Not Satisfied with How Things Were?
Japan is making big changes to open their doors and welcome in foreign innovators by getting ready to launch a new one-year startup visa program to be implemented nation-wide. As it stands now, foreign entrepreneurs in Japan have had to obtain a business management visa, maintain a Japanese office, and employ at least two full-time employees. The only exception to this has been the 6-month start-up visa offered solely in Tokyo and Fukuoka. However, only around 30 of these special visas have actually been issued and they have not quite lived up to anyone’s expectations.
This initial 6-month visa has simply not cut it for entrepreneurs new to Japan who are not familiar with the ins and outs of the Japanese startup world. For many the process of finding a Japanese guarantor to line up an office space, opening bank accounts, taking local surveys, and conducting initial rounds of funding has been too much of a learning curve to take on in that short 6-month period.
Realizing this, the Japanese government is poised to stretch the start-up visa period to a full year and stretch out their hand in welcoming new foreign entrepreneurs as early as the fourth fiscal quarter of 2018. This effort will be spearheaded by Japan’s Ministry of Economy, Trade and Industry as well as the Ministry of Justice.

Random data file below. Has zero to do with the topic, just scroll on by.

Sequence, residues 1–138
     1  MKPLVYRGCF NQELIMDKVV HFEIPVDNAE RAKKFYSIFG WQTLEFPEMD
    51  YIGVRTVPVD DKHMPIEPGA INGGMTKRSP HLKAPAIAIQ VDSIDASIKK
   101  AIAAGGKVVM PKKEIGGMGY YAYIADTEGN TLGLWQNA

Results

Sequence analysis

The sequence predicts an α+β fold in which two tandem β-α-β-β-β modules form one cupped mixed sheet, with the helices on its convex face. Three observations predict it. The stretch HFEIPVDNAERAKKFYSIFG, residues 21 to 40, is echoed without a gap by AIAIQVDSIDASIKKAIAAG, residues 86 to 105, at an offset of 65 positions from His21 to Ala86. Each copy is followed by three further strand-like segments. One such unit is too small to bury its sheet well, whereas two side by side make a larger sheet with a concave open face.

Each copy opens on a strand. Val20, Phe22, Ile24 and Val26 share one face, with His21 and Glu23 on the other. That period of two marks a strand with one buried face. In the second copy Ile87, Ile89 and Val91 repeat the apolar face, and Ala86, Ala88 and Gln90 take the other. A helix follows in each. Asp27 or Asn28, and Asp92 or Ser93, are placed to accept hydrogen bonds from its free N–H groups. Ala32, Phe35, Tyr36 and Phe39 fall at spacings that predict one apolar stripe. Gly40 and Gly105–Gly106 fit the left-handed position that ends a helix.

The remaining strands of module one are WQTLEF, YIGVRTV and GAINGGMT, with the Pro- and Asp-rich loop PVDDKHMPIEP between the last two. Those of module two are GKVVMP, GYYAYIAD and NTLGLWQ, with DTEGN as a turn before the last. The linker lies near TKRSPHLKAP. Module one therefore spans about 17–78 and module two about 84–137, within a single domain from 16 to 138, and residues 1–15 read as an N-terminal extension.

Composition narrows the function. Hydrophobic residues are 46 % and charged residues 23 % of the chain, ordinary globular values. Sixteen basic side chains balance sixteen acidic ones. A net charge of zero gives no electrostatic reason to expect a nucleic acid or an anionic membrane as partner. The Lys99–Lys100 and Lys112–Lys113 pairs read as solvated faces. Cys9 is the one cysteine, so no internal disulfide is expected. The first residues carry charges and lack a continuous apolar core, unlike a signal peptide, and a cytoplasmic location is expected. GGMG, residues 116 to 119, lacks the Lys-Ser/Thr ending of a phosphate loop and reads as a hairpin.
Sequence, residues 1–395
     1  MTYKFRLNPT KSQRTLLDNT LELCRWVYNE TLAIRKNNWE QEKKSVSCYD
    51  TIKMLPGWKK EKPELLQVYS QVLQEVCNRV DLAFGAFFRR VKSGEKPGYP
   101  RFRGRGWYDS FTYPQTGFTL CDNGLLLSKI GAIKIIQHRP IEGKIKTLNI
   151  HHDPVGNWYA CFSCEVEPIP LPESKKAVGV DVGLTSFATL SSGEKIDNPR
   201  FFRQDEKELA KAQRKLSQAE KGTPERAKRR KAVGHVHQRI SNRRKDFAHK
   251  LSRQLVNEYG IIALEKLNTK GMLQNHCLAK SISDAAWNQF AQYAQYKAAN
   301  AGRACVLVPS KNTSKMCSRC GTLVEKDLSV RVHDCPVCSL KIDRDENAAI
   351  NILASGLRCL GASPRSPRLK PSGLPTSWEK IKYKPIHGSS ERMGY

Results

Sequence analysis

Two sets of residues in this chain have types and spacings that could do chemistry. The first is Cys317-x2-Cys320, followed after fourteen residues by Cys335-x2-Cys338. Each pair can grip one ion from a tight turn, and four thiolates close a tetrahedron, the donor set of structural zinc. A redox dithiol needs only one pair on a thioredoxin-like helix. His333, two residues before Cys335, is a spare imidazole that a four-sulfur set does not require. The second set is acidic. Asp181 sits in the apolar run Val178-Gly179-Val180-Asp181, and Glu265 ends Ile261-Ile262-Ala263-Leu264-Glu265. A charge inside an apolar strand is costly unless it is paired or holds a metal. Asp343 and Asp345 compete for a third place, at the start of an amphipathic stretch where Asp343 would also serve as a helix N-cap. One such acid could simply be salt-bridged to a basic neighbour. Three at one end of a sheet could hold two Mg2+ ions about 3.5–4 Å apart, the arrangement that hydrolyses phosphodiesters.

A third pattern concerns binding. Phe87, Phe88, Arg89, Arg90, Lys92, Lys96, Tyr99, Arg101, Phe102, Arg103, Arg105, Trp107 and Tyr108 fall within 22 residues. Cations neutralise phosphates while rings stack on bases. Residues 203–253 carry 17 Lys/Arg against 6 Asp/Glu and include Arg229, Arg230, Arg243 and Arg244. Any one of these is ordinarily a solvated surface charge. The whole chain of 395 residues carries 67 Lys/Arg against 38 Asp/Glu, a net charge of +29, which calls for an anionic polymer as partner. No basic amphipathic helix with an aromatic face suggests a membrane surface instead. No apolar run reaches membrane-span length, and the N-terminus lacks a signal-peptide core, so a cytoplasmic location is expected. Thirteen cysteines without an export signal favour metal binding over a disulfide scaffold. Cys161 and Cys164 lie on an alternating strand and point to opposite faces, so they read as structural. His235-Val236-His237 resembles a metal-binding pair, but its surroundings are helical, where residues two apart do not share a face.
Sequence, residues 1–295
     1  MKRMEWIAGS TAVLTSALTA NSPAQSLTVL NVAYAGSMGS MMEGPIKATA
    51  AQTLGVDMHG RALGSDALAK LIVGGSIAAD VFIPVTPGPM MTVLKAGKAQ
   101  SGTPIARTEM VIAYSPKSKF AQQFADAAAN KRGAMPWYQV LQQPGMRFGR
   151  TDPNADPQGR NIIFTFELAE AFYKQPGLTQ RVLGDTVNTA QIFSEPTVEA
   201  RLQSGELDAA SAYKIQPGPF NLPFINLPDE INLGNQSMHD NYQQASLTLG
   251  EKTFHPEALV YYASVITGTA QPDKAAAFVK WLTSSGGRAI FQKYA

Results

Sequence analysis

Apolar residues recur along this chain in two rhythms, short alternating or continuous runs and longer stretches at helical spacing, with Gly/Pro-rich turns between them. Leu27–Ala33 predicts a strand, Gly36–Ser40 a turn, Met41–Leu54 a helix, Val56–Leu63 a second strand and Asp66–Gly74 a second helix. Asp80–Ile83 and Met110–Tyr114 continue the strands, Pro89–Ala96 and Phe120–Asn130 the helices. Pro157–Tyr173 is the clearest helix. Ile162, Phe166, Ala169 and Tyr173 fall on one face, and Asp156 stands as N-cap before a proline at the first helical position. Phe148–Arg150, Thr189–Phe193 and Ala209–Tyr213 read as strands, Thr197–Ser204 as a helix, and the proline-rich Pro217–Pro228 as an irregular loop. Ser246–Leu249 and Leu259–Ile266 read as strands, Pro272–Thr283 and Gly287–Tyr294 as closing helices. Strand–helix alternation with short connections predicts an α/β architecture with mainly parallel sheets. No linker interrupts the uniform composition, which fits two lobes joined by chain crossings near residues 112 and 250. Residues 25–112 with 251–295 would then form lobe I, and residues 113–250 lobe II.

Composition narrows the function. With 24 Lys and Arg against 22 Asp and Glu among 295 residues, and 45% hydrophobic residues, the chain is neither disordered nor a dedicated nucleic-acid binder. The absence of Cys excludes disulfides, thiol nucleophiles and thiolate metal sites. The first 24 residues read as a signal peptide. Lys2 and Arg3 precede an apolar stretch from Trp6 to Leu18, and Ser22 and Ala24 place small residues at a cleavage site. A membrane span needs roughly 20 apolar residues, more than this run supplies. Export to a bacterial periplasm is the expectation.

“Japan is striving to become more competitive and recognized globally as a center for cutting edge start-up business, following after the models established in Singapore and California’s Silicon Valley.”
In addition to increasing the length of the start-up visa period, local and regional governments will also be certified and assisted by Japan’s Trade Ministry to provide support such as bilingual lawyers and accountants, as well as office space and even possible housing for these start-up visa holders.
Steps are Being Taken All Over Japan for Visa Changes
Japan is striving to become more competitive and recognized globally as a center for cutting edge start-up business, following after the models established in Singapore and California’s Silicon Valley. With venture capital investment in Japan reaching a record high of 2.5 billion USD in 2017 and a void of small businesses waiting to be filled, the stage is set in Japan for entrepreneurs to succeed.
Regional governments within Japan are doubling down on these new policy changes. A clear example of this can be seen in the steps currently being taken in Hiroshima. The governor of Hiroshima, Hidehiko Yuzaki, has pledged to invest 6 million USD annually to help promote small business development locally and nation-wide. Yuzaki hopes for Hiroshima to not only be in competition with Tokyo as a location for new start-ups but hopes to be able to compete with other booming Southeast Asian countries.
Apart from Hiroshima, in an attempt to bring in more start-up companies, Fukuoka has established incentives for small business owners to set up shop, offering tax breaks and business consultations. Osaka has also begun to focus on innovative small businesses within the medical technology field.
Competition breeds opportunity and all over Japan real effort is being made to create a competitive ecosystem for your future start-up business. For the adventurous entrepreneur looking out across the globe at the best location to break new ground with their start-up, I’d look no further than Japan.